When you’re writing a sales resume, you need to market yourself; more than ever! Selling is your passion, and your resume needs to reflect that. Your resume needs to answer this question -- Why me? The recruiter naturally looks for certain key elemental keywords like Sales Management, Business Development, Customer retention, Sales Forecasting, Negotiator, Communicator, etc. These are tell-tale signs of a salesperson, and if these terms aren’t seen enough, then off the resume will go in the discards. Here are 5 basic elements which are a must-have in a sales resume!
Best of the rest skills
Your resume should talk about your sales skills all the time. Here’s a tactic to ensure the best of you is seen at the first go itself. It’s okay even if you don’t add a summary, but pick out 3-4 best skills that show your strengths, and add it to the top left area of your resume along with your name. Directly talk business. Cut it short. Make it impactful like-- XYZ, Expert in Sales Cycle Management, Sales Support and Cold Calling. Doesn’t this give your best strengths away at the first instant? You’ve already given the recruiter what he wants without wasting his time.
Include results and output
Every sales career is driven by one very important aspect--targets. Every salesperson runs for targets and achieves them. Be sure to include these results and the output of those targets in your resume, left, right and centre. A salesperson’s job responsibilities are quite commonly known, so rather than wasting time there, you can meanwhile talk about the results. For instance, market share growth, increase in sales, increase in goodwill, increase in client base, etc. The recruiter wants to know how much you sold to whom, and what happened as a result. Write it down tactfully.
Rewards and recognition
All sales companies keep rewarding the best performers something or the other to keep up their spirit of selling. Keep all the certificates and emails of appreciation safe, as they will be useful now to you. Write down whatever you achieved when you performed well. People win awards for achieving targets. If you have won any, do mention them in the summary itself. Awards and rewards are proof of your work and talent, and a recruiter will be impressed looking at the same.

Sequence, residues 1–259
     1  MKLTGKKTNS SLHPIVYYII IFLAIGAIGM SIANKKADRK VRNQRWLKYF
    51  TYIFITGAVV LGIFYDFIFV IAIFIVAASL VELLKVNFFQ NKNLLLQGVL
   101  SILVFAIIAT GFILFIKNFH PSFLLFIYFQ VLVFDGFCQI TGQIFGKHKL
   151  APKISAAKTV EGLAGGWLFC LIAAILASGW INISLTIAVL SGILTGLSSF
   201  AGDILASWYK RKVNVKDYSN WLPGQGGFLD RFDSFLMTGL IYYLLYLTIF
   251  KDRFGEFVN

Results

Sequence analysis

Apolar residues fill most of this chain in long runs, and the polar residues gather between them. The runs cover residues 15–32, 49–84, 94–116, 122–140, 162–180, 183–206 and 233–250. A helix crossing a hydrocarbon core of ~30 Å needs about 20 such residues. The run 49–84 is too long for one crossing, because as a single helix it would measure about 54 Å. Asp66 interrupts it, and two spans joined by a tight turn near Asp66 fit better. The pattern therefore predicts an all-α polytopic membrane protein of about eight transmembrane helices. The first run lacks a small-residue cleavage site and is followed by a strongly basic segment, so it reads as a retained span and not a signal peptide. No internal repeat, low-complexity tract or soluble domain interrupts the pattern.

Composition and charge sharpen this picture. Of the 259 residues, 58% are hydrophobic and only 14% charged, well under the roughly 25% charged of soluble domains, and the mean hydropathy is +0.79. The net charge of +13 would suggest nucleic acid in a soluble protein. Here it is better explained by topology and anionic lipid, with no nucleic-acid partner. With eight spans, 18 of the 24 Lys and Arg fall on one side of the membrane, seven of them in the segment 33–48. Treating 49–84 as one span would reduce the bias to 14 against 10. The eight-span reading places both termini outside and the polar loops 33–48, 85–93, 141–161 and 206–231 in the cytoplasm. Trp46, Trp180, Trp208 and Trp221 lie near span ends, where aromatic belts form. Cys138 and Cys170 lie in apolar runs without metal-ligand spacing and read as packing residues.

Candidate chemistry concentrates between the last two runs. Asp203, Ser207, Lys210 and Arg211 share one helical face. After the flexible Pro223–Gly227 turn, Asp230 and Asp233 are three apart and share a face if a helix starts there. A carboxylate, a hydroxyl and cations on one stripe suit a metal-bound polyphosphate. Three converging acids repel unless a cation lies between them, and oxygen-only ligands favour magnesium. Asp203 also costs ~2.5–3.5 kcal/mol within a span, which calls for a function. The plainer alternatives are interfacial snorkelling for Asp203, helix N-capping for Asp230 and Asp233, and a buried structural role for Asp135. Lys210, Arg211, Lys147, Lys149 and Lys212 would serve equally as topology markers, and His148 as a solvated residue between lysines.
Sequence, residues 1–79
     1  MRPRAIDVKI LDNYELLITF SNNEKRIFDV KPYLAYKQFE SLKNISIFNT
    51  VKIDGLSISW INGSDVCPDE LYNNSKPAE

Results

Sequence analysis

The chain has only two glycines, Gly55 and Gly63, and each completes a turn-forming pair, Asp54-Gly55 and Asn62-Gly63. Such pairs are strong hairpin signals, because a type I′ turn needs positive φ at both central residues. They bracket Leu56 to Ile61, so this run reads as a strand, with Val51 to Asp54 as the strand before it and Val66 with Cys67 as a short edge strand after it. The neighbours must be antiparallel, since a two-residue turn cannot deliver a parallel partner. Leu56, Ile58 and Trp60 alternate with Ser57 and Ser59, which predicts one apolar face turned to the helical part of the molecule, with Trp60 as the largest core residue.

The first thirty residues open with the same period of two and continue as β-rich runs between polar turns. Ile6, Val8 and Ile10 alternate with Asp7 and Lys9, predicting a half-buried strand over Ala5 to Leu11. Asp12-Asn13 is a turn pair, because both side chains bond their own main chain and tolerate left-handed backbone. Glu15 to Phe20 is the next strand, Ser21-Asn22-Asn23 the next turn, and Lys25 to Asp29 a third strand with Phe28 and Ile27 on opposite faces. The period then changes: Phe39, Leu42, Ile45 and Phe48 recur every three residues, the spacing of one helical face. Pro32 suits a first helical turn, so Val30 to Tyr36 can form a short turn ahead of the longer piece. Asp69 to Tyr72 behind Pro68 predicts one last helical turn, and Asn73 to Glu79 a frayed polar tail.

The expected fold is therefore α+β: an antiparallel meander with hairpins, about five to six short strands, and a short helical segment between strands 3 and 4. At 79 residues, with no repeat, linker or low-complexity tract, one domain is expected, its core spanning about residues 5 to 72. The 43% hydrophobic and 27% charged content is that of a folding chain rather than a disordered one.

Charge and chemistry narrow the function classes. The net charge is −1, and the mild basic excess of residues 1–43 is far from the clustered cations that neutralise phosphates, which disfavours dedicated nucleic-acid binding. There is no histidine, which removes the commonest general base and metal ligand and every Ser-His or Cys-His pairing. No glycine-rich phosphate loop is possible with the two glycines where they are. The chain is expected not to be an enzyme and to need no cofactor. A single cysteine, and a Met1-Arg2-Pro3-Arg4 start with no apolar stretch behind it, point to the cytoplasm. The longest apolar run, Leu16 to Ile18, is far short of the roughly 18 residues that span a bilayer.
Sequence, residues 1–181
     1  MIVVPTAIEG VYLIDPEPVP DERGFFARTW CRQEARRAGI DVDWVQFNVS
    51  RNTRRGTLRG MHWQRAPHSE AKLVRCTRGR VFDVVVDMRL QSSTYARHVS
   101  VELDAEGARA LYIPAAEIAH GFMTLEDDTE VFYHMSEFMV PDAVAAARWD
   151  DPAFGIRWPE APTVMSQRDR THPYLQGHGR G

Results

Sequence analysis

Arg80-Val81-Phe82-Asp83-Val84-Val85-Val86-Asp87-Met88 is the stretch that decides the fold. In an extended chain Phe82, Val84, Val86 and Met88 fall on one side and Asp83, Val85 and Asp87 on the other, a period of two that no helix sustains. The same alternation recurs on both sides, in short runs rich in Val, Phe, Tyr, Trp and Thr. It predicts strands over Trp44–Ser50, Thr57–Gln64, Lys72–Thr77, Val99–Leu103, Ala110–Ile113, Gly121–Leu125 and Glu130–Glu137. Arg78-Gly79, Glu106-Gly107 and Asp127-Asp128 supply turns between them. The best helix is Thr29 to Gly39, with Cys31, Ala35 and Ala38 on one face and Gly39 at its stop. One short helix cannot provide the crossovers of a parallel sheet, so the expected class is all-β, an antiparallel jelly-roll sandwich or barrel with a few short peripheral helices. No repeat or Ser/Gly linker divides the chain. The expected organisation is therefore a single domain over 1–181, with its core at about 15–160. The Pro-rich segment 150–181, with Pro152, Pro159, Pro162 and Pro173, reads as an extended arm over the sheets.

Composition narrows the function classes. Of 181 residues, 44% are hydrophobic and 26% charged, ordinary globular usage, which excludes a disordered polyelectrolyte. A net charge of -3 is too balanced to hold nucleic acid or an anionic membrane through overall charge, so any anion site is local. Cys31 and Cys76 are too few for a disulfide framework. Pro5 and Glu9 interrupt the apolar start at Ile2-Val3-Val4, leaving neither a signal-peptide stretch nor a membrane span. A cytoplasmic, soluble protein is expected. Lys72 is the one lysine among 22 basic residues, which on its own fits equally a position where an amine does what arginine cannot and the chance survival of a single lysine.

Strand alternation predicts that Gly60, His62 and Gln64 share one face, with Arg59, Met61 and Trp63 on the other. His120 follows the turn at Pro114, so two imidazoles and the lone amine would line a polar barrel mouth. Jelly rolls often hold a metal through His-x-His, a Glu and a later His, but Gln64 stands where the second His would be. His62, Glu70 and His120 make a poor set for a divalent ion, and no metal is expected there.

In sales, it is all mostly on-the-job training. But there are certain skills that need to be learned if told by the organisation. It could be for sales management, deal closing or even relationship management. Keep updating these upskilling activities on your resume, along with any other trainings you might have taken. All this increases your credibility and will matter when the manager has to decide on promotions.
Honestly, a sales career doesn’t need a particular academic background; right from an engineer to a doctor also can do sales. It’s a passion-driven field and has got nothing to do with what you’ve studied. But, of course. While any degree in Business, Business Management or Management studies is great and very much contributes to the nature of the job, it’s not essential to have one of it. Do include your successful sales stints instead, add certifications (future and now), add your achievements. This is more important in the case of freshers, as sales experts can do away with this section altogether.
Ultimately, keep your resume always updated with the latest metrics. It should always be persuasive, a bit braggy but professional, and on-point--it will never fail to impress the recruiters!